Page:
Natural Disasters

IMD calls Titli, Luban cyclones “rarest of rare” occurrences

Cyclone Titli caused immense damage in Odisha and Andhra Pradesh despite several warnings

By Akshit Sangomla
Published: Tuesday 16 October 2018
Titli, brought with itself, strong winds, torrents of rain and a metre high storm surge which inundated the coastal areas. Credit: Getty Images

The India Meteorological Department (IMD) on Tuesday called the formation of the two very severe cyclones—Titli and Luban—on two sides of the Indian mainland as ‘rarest of rare’ occurrences. The IMD also said the movement of both these storms was unique. While Titli changed its direction and moved towards the northeast after making a landfall, Luban too kept going in different directions over the 9 days that it travelled through the south-eastern Arabian Sea towards Yemen and Oman on the Gulf coast and then made landfall on October 13.

Immense damage in Odisha

Titli, brought with itself, strong winds, torrents of rain and a metre high storm surge which inundated the coastal areas. While the IMD said it was because of their warnings that the loss could be minimized, cyclone Titli and the ensuing flood caused more devastation in Odisha and Andhra Pradesh than expected. Moreover, the political parties in the opposition in Odisha have accused the government of being ill prepared to handle the situation. The United Nations secretary general Antonio Guterres also expressed concern over the lives lost in the cyclone.

The storm affected 16 out of the 30 districts in Odisha. More than 5.7 million people across 7,402 villages were affected, says the situation report prepared by Odisha’s special relief commissioner’s office. While the media reports say that 27 people died in the cyclone, the situation report mentions 18 as the death toll for one landslide incident. The landslide occurred in a tribal village called Baraghara in Gajapati district which is home to 74 families. The report mentions that when cyclone warnings were issued in the village by officials, 61 families moved out, but 13 did not budge. When a landslide occurred at 1am on October 11, 18 people died.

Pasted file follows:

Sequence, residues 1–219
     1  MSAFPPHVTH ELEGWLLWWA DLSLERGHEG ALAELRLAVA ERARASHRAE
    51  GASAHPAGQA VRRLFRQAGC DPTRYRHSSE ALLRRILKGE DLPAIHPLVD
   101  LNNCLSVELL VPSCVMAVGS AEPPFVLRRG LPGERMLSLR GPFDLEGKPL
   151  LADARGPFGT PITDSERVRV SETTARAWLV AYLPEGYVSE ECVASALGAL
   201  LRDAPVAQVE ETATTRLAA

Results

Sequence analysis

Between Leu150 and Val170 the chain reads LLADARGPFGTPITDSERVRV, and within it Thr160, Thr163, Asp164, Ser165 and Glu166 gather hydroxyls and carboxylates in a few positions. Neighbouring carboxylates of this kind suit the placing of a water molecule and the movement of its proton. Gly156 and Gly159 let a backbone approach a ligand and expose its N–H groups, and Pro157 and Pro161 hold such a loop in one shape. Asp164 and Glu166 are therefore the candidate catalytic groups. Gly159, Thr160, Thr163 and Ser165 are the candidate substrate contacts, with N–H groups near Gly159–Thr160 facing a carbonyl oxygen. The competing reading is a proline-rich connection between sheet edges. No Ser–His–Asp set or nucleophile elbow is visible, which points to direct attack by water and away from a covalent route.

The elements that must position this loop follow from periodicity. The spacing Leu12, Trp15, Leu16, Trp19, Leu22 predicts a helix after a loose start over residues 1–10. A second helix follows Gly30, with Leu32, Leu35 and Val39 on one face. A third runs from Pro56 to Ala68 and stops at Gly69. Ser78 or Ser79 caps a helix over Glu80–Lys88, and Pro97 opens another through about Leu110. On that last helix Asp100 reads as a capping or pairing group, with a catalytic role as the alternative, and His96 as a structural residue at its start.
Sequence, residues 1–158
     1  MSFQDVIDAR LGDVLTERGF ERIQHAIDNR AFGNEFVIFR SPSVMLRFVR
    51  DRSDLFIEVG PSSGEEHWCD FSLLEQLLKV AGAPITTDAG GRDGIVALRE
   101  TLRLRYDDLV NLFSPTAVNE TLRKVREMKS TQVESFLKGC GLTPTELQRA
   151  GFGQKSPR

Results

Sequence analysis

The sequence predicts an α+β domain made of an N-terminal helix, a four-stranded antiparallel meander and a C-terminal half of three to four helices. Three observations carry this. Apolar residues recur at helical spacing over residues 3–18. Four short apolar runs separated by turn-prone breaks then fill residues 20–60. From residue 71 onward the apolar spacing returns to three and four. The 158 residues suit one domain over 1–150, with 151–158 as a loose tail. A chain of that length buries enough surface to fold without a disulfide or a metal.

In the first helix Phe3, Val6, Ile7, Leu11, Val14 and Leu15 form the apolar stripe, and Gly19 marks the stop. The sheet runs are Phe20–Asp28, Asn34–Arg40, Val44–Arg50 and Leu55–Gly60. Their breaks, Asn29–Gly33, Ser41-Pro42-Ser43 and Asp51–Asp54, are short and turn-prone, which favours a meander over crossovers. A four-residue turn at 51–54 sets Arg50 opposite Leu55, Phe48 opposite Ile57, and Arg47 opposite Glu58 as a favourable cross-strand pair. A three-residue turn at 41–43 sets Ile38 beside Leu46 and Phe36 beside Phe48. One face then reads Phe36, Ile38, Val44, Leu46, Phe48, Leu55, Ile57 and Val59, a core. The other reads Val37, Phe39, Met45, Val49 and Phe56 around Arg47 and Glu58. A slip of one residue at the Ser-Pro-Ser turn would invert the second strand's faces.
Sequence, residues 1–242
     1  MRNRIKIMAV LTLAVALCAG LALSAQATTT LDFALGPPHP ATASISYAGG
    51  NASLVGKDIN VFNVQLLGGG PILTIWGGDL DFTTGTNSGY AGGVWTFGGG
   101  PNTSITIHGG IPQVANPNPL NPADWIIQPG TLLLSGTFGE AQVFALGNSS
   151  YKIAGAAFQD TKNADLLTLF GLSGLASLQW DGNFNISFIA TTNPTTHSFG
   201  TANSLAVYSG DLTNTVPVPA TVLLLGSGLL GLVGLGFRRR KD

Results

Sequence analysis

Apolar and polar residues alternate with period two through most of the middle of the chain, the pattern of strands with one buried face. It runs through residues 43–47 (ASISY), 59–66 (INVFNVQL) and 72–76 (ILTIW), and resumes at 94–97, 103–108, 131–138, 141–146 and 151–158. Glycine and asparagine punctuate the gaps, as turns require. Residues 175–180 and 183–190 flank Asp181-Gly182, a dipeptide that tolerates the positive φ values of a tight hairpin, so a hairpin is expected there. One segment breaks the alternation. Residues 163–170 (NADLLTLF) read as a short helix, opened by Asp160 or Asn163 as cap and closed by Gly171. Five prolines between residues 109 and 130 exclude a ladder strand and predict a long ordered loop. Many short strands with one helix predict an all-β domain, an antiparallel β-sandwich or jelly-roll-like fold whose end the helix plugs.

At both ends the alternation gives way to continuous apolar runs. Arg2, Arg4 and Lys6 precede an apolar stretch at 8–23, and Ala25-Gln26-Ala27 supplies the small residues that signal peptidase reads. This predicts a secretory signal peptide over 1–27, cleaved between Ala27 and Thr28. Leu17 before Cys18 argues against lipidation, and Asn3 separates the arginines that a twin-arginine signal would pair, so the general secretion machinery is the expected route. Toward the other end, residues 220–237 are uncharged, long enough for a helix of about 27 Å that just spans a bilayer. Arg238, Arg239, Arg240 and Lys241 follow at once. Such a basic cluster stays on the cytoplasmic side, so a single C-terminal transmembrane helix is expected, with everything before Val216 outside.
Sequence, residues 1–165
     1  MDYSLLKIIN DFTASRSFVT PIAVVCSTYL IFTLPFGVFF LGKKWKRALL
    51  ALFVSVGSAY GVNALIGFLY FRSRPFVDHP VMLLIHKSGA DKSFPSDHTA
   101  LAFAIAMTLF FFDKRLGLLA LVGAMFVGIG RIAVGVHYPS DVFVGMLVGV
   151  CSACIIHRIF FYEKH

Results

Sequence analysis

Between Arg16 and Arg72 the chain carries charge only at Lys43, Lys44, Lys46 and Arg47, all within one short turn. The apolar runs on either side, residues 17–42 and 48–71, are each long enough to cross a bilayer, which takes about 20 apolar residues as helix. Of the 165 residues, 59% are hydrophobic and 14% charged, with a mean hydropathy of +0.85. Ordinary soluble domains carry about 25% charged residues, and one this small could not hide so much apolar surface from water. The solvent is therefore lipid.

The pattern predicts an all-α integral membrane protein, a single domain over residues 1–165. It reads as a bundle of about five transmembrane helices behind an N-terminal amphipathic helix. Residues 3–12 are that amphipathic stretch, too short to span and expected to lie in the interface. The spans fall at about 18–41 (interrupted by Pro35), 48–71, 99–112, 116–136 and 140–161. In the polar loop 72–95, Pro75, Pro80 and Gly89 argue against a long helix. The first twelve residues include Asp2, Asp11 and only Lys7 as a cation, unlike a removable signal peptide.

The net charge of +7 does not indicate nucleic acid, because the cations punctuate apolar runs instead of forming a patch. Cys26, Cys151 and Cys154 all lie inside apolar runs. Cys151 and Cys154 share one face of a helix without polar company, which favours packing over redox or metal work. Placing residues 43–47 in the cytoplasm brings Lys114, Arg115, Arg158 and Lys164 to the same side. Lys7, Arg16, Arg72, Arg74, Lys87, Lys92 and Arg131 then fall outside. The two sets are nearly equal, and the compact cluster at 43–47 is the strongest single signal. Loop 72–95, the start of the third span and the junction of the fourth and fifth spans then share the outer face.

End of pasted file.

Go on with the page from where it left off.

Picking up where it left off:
The state has also seen immense infrastructural damage, which highlights the long-term economic loss that accompanies natural disasters. The storm damaged more than 20,000 houses. It also destructed several bridges, culverts, embankments and roads in the state. This will impact livelihoods as around 0.75 million livestock died and crops on 0.58 million-acre land were destroyed. The fishing industry also lost 300 boats, 473 nets, 607 fish ponds, 69 fish seed farms and 14.66-hectare fish farms.

Andhra Pradesh also lost a lot

Andhra Pradesh also faced considerable losses because of the cyclone. Nine people had died in the state till October 15, while one was injured and one fisherman was missing. The devastation was restricted to the two districts of Srikakulam and Vizianagaram in the state. The total affected population was almost 12.5 lakh spread across 872 villages and 40,000 houses worth more than Rs 400 crore were destroyed by cyclone Titli.

In Srikakulam, people are still facing problems in the affected areas as electricity in more than 57 per cent of the villages is yet to be restored. Crops in 4 lakh hectares of land have been destroyed in Srikakulam district, 97 per cent of which is paddy. Around 2,500 acres were also destroyed in Vizianagaram. Farmers are staring at trying times ahead as the loss due to crop damages is pegged at a massive Rs 800 crore.

The horticultural sector has also made significant losses to the tune of Rs 1,000 crore due to the cyclone. Cashew and coconut plantations, which were considered long-term sources of livelihood for the farmers, have seen the most severe damage in Srikakulam district. Cashew trees in 44,500 acres and coconut trees in 34,600 acres have been destroyed by the cyclone.

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